Yesterday was a hectic day for Formula 1 news in Texas. The morning started off with a statement by Comptroller Susan Combs denying the event organizers an advanced payment of taxpayer dollars for F1 racing in Texas.
“Let me state clearly: We have not paid out any money for the Formula 1 event. The only dollars that can be spent on the United States Grand Prix are tax revenues attributable to the successful running of a race. The state of Texas will not be paying any funds in advance of the event. Further, as is the case with all METF events, each application will be reviewed and analyzed for its likely economic impact and only after the race occurs would any funds be disbursed.
This was soon followed by an article by the Texas Tribune and then hours later the race developers stopped construction on the track. Below is the Texas Trib story.
Construction of the Formula 1 track in Travis County has been indefinitely suspended because of a dispute between the race organizer and the owners of the property, according to the owners (and first reported in the Austin American-Statesman). That announcement came shortly after Comptroller Susan Combs announced the state won’t funnel any money into the project until racing is underway. The owners of the track say they’ll resume construction as soon as they have a deal for a race there.
Today State Representative Wayne Christian, consistently ranked as one of the most fiscally and socially conservative members of the Texas House, put out a statement recognizing Combs listening to the taxpayers (and Empower Texans…) and not allowing our taxpayer dollars to go to F1 racing. Rep. Christian was one of 16 legislators to vote against the bill allowing state funds to flow to F1 racing in Texas.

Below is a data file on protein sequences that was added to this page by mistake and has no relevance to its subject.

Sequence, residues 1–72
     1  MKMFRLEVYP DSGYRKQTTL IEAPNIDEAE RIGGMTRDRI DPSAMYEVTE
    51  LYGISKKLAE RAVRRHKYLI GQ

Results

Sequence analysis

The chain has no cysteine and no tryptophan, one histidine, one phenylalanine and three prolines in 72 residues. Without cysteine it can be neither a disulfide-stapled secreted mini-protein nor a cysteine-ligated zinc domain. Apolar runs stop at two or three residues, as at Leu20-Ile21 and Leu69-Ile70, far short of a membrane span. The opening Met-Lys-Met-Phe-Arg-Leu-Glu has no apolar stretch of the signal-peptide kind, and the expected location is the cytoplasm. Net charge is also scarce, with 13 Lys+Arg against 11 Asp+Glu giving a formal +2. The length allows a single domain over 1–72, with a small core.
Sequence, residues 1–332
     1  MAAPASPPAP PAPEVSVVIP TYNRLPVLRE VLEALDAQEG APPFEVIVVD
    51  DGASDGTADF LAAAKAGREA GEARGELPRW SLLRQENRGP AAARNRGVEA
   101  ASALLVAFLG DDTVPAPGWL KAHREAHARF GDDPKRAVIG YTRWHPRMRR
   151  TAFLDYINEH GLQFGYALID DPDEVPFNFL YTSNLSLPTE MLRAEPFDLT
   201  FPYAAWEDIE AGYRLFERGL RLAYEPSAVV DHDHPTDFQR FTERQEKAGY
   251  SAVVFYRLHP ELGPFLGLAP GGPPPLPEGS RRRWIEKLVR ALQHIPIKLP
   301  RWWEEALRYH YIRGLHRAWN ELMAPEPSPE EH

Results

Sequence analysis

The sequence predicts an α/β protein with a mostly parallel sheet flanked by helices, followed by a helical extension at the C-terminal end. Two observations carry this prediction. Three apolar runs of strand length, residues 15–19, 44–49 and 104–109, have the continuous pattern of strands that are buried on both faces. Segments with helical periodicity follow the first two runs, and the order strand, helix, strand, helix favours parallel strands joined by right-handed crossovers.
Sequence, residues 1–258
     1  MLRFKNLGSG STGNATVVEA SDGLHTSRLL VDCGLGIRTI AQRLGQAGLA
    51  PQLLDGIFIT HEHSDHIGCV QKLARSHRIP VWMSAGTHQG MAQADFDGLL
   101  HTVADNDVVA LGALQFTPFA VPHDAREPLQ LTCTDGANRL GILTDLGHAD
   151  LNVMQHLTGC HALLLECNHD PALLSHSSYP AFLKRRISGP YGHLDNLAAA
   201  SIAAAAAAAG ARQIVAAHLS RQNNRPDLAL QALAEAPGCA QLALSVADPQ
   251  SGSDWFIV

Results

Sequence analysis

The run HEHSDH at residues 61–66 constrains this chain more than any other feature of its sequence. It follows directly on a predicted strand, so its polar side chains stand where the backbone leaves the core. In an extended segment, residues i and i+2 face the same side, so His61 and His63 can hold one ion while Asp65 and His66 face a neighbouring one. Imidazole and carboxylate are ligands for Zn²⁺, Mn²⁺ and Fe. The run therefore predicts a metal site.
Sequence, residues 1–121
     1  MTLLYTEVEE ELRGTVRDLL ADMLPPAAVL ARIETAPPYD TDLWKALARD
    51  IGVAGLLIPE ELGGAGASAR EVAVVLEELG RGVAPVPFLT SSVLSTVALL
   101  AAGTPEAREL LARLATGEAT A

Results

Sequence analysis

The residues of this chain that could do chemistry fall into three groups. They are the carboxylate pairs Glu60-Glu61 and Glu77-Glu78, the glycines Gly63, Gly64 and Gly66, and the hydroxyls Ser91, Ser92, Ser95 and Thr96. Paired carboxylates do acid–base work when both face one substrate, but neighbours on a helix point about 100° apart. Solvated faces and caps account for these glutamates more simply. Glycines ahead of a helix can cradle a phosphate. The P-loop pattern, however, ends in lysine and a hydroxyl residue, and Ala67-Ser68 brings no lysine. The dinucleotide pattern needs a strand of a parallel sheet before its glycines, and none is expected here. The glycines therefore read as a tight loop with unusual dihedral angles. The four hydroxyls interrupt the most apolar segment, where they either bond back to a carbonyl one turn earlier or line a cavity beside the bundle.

I remember back in the 81st Legislature (2009), a bill was passed which added Formula One automobile races and the Breeder’s Cup World Championships to the events eligible for the Major Events Trust Fund, which is “supposed” to entice large events such as the Super Bowl into coming to our state. I was one of sixteen legislators in the Texas House to vote against that bill, and needless to say, I was also not in favor of paying a single nickel upfront to Formula One or any other entity, and neither were you, the Texas taxpayer. To me, that’s just bad practice and puts the cart before the horse.
However, Comptroller Susan Combs deserves recognition for listening to the will of the Texas taxpayer and protecting your investment in state government. As always, but especially in this dire economy, you taxpayers entrust your local and statewide elected officials to be good stewards of your money and Susan Combs did the right thing by divesting the state from any upfront and prolonged obligations.